Watch for Early Blight in Tomatoes
Tomatoes are America’s favorite garden crop and although they taste great, they can be difficult to grow. They are susceptible to many diseases and insects, many of which they can withstand without major damage. But there are a few tomato issues that have to be addressed as soon as they are noticed.
Early blight is a fungal disease of tomatoes. The fungus is present in the soil at all times and when weather conditions get just right (cool, damp weather), they invade your tomato crop. Early blight symptoms consist of dark brown irregular spots on lower leaves and/or stems and fruit. These lesions get larger as the disease progresses and eventually they develop concentric black target rings around the lesion. Yellowing around the areas can eventually occur and the leaf finally dries up and dies. It is important to remember that this starts at the bottom of the plant.
Now that you know what early blight looks like, how do you prevent, control or cure it? There are no cures for early blight so prevention and control are the only alternatives. Prevention is the best, but planning ahead is necessary. Never plant in the same spot more than once every three years. Clean up all plant and fruit debris at the end of the season. Early blight can overwinter in dead foliage and fruits. Mulch around tomato plants at the time of planting. Use plastic, straw, newspaper or landscape fabric. Remember that this disease lives in the soil. When hard rains come, soil is splashed on to lower leaves and stems where it creeps up the plant. Mulching keeps soil away from the plant. Control can slow down the spread of early blight. Garden fungicides containing either mancozeb or chlorothalonil are available at local garden centers and hardware stores. The key to successful control is to apply when the disease is first noticed and to continue at seven-day intervals. These fungicides act as a protective spray on the unaffected leaves and stems but must be re-applied often.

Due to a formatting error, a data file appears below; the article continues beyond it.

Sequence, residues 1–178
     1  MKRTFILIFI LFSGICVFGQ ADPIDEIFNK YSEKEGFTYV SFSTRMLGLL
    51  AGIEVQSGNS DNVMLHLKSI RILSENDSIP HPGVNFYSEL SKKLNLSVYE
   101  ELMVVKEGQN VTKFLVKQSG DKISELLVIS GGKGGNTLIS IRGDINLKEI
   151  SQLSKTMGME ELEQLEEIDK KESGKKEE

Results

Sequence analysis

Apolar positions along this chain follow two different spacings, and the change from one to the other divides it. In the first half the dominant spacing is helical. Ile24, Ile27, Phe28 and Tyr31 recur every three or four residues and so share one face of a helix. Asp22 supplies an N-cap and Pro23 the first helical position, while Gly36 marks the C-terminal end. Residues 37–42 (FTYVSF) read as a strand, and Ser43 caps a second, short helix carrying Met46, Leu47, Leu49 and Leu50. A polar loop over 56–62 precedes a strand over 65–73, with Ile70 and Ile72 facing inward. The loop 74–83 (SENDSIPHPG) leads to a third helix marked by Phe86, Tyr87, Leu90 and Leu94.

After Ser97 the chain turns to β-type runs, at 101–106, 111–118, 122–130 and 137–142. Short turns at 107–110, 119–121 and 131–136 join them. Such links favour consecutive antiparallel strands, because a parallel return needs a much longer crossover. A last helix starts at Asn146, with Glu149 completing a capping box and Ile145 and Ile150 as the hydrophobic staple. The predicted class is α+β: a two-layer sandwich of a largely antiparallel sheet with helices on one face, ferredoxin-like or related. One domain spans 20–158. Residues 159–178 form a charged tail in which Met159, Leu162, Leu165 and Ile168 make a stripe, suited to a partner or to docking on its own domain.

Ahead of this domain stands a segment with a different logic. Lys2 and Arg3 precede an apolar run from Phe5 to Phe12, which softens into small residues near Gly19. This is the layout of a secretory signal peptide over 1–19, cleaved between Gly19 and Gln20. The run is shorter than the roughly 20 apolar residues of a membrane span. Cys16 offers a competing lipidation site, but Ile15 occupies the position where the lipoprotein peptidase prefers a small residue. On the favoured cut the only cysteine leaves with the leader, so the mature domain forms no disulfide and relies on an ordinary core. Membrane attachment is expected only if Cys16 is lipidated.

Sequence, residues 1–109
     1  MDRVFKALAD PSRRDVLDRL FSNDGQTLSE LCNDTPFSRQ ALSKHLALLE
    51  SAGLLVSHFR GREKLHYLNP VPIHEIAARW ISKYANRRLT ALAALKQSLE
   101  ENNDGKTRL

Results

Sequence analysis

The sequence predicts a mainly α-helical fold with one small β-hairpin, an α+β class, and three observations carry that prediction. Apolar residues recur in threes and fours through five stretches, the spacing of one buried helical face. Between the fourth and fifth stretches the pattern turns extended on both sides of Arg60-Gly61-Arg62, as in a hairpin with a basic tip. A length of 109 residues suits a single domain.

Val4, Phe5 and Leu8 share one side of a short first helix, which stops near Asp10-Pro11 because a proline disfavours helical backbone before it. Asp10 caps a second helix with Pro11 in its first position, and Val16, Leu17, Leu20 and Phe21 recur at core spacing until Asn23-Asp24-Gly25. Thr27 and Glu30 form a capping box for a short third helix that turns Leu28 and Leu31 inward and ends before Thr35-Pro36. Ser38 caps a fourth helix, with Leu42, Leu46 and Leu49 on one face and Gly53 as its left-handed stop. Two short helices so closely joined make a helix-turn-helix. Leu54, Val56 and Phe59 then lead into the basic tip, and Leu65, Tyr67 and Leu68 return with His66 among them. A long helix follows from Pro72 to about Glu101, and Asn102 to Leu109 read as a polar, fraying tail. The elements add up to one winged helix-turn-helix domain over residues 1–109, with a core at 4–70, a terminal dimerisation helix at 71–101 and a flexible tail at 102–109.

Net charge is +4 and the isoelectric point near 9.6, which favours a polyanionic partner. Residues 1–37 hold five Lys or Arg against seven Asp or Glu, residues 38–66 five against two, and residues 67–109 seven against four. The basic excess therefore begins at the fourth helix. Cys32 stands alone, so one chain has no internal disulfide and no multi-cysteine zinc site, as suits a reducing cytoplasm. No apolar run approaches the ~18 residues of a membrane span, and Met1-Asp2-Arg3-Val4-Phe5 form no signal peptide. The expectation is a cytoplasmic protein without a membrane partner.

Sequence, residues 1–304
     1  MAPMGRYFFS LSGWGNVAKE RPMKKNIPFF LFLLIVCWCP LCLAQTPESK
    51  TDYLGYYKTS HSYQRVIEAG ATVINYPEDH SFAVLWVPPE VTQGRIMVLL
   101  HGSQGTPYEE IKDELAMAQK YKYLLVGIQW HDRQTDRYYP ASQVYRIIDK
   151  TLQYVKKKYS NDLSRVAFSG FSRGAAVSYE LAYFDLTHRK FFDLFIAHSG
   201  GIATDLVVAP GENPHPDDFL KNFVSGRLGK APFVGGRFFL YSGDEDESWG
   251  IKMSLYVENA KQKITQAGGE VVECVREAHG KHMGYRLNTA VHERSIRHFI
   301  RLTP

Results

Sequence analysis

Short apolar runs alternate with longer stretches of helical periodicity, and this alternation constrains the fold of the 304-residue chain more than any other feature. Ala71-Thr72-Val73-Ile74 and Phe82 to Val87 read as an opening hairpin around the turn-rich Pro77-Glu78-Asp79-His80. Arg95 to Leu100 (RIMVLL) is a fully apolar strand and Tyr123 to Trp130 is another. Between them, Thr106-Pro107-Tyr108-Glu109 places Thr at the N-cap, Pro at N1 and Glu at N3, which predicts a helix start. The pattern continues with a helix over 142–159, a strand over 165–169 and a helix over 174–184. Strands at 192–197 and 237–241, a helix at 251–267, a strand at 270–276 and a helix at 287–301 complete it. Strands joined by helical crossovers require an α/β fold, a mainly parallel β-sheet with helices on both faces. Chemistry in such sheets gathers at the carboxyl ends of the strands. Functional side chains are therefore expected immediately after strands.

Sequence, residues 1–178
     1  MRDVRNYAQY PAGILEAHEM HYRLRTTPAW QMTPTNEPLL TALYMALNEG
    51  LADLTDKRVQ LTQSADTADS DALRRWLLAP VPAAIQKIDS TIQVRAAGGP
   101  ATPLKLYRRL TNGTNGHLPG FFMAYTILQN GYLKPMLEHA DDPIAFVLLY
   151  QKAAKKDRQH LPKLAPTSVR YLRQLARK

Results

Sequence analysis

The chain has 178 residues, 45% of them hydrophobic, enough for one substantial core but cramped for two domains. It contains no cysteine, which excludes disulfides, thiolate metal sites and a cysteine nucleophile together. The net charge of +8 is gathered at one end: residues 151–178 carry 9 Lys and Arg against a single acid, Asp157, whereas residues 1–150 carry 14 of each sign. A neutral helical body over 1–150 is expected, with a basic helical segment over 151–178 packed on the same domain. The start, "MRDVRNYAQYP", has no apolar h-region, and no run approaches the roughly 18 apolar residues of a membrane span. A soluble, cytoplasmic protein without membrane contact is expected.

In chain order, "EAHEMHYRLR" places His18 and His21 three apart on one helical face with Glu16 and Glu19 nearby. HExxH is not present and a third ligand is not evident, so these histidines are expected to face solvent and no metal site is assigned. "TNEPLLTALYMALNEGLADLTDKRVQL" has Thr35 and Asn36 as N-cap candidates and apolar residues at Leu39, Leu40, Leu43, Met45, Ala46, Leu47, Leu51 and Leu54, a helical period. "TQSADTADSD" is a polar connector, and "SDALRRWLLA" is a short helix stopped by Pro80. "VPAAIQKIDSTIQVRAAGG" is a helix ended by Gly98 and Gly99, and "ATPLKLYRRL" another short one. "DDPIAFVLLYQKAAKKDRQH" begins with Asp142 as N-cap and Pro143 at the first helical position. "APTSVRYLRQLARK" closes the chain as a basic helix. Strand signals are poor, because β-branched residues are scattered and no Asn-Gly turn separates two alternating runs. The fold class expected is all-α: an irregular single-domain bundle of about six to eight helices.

Early blight control has numerous options and the gardener should choose which of these techniques best suits his garden routine. Examine plants often and don’t ignore the signs of developing problems. The early bird gets the tomatoes!
If you need additional information on early blight in the garden, you can give our office a call at 439-4460.